In conclusion, I venture to offer some practical suggestions which should certainly help us in Canada to deal with the problems before us:

1. That an effort be made to organize in every city and town a committee of thoughtful, public-spirited men and women for the purpose, not of actively relieving the destitute, but simply of giving careful consideration to the most practicable methods of finding work instead of alms for the unemployed. These might be designated "Friends of the Poor," or by any other name expressive of their aim.

2. That such committee, after ascertaining what sort of work is most practical in their several localities, should report to a conference at some central place, from which suggestions might be forwarded to our governments in regard to the formation of labor

bureaus and technical schools, should their establishment be found advisable.

3. That a strong representation be sent from this Conference to the American and Canadian governments respectively, asking that some united and effectual method be adopted for the suppression of the tramp evil, and the conversion of tramps, if possible, into respectable and industrious citizens.

If, by any such means, we can somewhat lighten the ever-increasing burden which poverty imposes upon the community, and add to the number of useful and self-respecting citizens instead of swelling the ranks of a pauperized and degraded class, we shall do the country one of the greatest services in our power to bestow.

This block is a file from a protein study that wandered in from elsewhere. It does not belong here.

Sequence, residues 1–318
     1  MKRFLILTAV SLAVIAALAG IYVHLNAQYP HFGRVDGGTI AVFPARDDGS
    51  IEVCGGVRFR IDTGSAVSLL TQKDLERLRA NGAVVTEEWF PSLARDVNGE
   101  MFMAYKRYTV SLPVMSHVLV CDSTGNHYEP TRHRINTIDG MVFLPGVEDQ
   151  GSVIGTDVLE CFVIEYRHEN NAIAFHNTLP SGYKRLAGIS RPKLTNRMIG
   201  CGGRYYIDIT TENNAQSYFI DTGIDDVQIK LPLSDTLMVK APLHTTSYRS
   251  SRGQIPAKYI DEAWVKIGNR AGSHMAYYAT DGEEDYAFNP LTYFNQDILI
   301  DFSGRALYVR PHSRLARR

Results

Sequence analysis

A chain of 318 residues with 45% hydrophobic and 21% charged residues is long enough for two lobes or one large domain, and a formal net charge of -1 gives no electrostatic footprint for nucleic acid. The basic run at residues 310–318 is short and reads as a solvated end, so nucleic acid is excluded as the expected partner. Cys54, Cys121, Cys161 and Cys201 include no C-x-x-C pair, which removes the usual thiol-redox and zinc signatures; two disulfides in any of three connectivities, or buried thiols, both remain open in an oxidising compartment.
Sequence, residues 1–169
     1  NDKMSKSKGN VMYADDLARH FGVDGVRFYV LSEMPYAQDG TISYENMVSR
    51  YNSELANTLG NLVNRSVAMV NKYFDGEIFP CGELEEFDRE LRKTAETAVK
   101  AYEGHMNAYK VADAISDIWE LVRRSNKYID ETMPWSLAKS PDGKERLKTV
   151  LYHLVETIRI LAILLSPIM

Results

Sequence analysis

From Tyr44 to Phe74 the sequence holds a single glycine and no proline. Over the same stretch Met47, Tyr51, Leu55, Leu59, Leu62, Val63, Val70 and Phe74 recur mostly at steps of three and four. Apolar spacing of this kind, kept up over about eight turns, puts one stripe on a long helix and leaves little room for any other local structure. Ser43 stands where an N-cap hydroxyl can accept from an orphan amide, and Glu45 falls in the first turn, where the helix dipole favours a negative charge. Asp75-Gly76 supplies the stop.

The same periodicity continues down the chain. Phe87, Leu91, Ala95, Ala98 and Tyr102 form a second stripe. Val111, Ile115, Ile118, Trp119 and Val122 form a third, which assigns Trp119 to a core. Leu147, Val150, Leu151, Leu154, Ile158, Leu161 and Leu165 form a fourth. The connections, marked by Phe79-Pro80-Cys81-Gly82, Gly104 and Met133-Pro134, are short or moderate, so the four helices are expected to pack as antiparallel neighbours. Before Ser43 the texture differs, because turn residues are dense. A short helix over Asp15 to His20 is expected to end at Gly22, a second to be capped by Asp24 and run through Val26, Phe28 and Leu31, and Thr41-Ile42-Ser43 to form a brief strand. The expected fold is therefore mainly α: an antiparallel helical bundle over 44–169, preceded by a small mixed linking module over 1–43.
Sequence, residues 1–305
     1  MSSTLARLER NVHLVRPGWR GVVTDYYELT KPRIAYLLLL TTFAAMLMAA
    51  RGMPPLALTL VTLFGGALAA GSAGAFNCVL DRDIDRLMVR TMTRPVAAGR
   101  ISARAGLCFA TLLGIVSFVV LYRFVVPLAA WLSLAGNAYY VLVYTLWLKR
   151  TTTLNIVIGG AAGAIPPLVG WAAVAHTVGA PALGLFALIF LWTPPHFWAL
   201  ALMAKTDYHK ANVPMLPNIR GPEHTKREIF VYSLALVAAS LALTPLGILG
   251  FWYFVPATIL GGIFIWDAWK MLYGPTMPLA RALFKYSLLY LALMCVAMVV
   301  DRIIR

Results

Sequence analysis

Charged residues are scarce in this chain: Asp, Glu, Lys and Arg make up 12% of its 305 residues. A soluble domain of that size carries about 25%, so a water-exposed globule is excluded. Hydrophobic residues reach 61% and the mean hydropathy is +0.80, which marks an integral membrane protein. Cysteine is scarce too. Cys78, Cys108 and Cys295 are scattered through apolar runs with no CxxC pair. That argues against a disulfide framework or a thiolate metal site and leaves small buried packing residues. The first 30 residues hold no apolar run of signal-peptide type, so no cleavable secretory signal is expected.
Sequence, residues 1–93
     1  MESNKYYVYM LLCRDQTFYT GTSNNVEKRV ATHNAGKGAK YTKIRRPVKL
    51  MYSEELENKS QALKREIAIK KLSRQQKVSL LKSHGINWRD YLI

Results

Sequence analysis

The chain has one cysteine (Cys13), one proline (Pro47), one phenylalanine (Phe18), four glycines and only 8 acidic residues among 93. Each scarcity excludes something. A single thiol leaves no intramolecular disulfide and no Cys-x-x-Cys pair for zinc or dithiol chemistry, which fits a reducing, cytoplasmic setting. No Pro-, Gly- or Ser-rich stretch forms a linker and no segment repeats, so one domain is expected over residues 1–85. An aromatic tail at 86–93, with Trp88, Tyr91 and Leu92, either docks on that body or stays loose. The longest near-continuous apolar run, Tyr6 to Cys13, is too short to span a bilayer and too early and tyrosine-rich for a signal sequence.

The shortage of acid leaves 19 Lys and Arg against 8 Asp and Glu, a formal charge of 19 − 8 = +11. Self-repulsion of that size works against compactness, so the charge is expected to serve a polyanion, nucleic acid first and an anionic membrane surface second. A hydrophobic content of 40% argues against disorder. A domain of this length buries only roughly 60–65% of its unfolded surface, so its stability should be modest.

OBSERVATIONS ON OFFICIAL OUTDOOR
POOR RELIEF.

BY ERNEST BICKNELL,

SECRETARY BOARD OF STATE CHARITIES, INDIANA.

The legislature of Indiana in 1895 enacted a law requiring that all official outdoor relief given in the State should be reported quarterly to the Board of State Charities. The reports to the board show the name, age, sex, and nationality of every person to whom relief is given, the date, the kind of help given, and its value or cost.

The board now has a record of the operation of this law for one full year. Some of the facts and comparisons drawn from the mass of statistics gathered may be of general interest, since the conditions and influences prevailing in Indiana are in the main common to all States and communities. Indiana had a population, according to the United States Census of 1890, of 2,192,464, approximately the same as that of Massachusetts or Michigan. The following statistics, for the year ending Aug. 31, 1896, have been compiled from quarterly reports from more than one thousand township overseers of the poor. Relief given by organized charities in the cities is not included.